Earlier this year I posted on Installing and Setting Up and Encoding for IIS 7 Smooth Streaming and Silverlight. The general idea was to show folks that it's actually pretty easy to setup Smooth Streaming for Silverlight. Of course, not everyone uses Silverlight, and lots of folks (myself included) have iPhones and iPads.
I've long been singing the praises of IIS7. If you're on IIS6, get off it. IIS7 is the #1 reason to get on Windows Server 2008R2, IMHO. Mostly because of the crapload of awesome (CoA) that keeps coming out of the IIS team. Many of these modules aren't on the radar of the average developer. I think that Web Platform Installer helps some, but still, I'd like to get the word about some of this free stuff like the Web Farm Framework, the all new FTP 7.5, Bit Rate Throttling, and my favorite, Application Request Routing (which I use in my robot).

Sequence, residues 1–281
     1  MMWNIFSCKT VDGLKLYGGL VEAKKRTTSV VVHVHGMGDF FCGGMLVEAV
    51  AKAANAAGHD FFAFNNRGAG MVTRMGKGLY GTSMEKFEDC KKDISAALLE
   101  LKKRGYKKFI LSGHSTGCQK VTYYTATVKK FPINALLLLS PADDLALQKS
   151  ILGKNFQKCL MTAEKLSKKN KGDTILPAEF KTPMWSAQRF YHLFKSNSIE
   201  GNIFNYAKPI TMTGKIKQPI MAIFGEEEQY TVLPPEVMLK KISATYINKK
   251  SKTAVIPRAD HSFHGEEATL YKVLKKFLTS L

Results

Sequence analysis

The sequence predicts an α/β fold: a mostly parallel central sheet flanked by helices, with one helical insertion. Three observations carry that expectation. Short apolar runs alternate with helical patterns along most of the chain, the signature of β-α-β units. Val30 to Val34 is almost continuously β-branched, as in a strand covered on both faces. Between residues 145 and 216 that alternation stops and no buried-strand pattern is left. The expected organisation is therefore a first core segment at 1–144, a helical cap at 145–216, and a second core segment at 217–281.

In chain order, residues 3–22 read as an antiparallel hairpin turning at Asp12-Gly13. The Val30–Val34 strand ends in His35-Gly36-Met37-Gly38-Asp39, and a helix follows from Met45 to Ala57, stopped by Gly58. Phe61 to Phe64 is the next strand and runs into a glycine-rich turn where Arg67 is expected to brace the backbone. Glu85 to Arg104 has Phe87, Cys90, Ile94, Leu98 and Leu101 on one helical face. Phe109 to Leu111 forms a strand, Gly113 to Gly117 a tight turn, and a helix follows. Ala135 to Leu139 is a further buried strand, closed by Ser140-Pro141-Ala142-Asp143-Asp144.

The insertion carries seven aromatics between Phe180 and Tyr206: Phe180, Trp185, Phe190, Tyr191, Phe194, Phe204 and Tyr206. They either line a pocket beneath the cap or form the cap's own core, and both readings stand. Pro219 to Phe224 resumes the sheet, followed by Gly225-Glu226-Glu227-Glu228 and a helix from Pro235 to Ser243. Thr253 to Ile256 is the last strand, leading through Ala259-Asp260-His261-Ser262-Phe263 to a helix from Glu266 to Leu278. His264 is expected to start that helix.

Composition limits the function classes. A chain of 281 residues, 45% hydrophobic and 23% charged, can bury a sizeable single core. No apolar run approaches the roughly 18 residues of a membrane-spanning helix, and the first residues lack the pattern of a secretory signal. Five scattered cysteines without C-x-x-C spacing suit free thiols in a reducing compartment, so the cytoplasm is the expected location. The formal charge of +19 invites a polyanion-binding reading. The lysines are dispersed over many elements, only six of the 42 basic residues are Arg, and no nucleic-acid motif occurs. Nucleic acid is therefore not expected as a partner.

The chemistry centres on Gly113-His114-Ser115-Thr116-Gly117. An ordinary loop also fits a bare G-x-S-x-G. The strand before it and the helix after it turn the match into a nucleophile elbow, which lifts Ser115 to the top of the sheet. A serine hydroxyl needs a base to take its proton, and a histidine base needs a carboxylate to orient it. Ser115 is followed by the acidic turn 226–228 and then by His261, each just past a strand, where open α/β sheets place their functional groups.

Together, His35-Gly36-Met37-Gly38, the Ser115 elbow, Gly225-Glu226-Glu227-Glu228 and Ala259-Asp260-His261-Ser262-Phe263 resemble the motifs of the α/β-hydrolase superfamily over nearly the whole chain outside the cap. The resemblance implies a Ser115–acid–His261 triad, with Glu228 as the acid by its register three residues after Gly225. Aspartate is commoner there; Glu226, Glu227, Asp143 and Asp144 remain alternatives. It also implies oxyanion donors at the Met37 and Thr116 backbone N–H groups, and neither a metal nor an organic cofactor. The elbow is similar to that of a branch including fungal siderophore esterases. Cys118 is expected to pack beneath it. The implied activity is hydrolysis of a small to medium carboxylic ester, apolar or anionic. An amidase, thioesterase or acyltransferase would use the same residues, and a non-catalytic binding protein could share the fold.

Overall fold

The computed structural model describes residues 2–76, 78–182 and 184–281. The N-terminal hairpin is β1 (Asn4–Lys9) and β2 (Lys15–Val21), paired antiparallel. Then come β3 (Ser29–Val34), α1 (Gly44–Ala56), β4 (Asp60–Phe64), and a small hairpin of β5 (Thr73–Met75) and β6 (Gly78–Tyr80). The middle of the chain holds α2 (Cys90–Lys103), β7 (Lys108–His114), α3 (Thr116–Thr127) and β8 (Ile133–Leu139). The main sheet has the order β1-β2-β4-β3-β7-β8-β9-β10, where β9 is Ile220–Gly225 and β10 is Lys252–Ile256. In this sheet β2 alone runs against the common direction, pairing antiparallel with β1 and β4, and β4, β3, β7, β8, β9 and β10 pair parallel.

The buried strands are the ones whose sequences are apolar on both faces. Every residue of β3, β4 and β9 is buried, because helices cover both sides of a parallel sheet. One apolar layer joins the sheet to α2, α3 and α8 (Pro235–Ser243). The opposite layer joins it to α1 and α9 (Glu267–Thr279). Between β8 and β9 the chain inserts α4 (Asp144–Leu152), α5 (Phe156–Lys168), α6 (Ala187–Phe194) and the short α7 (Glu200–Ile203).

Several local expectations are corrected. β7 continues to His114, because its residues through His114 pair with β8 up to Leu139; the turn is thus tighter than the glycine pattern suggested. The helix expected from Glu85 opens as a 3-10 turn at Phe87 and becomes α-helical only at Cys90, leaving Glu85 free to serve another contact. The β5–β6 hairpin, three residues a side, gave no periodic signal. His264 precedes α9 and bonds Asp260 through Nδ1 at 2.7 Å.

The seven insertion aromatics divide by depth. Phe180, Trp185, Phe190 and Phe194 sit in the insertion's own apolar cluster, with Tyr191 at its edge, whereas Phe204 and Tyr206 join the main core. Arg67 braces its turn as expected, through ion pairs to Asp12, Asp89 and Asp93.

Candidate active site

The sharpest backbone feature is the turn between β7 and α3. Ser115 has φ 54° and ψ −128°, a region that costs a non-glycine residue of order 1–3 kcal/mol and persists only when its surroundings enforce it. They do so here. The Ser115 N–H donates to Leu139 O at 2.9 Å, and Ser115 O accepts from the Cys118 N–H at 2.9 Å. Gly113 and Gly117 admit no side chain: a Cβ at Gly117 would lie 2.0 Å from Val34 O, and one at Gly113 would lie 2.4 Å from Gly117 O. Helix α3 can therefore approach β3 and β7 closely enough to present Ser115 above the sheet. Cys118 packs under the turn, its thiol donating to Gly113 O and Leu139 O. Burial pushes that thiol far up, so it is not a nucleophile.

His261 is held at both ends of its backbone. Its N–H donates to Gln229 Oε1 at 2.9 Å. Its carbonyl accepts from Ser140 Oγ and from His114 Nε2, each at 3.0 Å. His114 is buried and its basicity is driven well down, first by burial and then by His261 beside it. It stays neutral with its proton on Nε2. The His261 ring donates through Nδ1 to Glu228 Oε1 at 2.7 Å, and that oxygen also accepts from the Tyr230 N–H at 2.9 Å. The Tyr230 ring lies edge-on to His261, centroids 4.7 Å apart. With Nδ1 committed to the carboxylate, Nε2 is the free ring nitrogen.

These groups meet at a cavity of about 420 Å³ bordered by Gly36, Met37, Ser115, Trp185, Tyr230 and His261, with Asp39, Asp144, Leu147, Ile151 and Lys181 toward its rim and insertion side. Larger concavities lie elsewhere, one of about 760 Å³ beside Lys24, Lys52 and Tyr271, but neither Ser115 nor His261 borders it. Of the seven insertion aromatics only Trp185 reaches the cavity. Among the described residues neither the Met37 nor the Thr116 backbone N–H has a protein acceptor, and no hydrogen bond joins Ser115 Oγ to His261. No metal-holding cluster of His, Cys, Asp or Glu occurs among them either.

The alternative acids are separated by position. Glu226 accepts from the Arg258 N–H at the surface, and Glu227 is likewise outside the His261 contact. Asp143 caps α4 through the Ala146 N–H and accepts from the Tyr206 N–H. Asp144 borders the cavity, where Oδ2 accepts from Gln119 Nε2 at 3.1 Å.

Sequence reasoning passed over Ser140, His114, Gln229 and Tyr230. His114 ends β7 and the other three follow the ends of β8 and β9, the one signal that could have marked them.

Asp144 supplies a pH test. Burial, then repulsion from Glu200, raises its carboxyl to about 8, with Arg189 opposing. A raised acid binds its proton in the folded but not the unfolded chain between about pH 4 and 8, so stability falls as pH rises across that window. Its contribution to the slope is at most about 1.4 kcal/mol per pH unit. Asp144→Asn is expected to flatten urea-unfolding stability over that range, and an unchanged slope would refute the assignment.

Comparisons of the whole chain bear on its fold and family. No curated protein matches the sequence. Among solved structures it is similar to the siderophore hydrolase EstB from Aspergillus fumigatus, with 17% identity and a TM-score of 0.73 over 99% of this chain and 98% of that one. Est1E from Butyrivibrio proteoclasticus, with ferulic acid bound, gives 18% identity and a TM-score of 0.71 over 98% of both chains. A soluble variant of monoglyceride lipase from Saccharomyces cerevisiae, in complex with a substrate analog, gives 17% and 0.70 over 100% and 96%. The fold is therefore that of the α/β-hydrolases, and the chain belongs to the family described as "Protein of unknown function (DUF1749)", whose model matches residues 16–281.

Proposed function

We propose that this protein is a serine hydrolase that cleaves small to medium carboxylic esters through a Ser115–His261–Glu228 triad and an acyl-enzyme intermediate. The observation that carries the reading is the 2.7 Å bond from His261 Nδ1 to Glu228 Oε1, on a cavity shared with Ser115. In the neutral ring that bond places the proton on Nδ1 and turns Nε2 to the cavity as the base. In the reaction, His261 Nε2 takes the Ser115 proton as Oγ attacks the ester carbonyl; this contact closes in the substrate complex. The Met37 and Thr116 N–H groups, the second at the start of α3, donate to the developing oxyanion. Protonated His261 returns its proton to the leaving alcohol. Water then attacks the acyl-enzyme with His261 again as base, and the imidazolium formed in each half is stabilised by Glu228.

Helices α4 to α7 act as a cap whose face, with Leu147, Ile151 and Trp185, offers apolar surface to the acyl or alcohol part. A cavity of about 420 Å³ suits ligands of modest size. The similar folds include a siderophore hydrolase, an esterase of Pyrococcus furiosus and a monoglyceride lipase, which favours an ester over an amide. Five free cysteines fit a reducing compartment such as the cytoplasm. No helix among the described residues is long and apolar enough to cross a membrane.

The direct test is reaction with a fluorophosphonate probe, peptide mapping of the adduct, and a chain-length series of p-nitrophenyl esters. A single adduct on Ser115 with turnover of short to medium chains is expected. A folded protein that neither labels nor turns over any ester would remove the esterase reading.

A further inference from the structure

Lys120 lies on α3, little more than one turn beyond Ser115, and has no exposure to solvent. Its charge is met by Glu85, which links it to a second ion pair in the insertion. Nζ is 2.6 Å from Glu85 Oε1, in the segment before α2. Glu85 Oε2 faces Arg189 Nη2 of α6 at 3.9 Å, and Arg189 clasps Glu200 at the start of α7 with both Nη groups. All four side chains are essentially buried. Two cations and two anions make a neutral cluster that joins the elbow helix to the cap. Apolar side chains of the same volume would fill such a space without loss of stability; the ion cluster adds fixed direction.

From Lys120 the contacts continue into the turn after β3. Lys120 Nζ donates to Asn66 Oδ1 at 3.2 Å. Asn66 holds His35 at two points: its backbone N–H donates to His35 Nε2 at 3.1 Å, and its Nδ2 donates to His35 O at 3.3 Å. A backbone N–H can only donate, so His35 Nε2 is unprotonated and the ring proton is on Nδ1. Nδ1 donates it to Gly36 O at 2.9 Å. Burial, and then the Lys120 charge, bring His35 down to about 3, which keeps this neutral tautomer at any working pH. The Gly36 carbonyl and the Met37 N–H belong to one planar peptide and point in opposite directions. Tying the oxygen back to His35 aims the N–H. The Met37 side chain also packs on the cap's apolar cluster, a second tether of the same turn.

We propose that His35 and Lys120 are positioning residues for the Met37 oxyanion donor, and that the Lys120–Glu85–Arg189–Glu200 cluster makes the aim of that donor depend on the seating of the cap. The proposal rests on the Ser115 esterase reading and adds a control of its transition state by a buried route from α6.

Anyway, last week IIS released IIS Media Services 4.0 that you can download now. It's free if you have IIS on your machine. They also released a number of things this summer like the Transform Manager 1.0 Alpha.
Getting existing Video from IIS7 to iOS devices elegantly
Why do I care? Well, I'm sitting here looking at an IPhone 3G, an iPhone 4 and an iPad on my desk. Many of your customers have these devices. How do you get video to them, cleanly, quickly, easily and from a single source file?
Turns out there's features in IIS7 and Media Services that target iOS directly. Yes, it's true. Cats and dogs, living together, mass hysteria. Get your snowballs out, hell has frozen over and the slopes look sweet.
On-Demand Encoded Video for iOS and Silverlight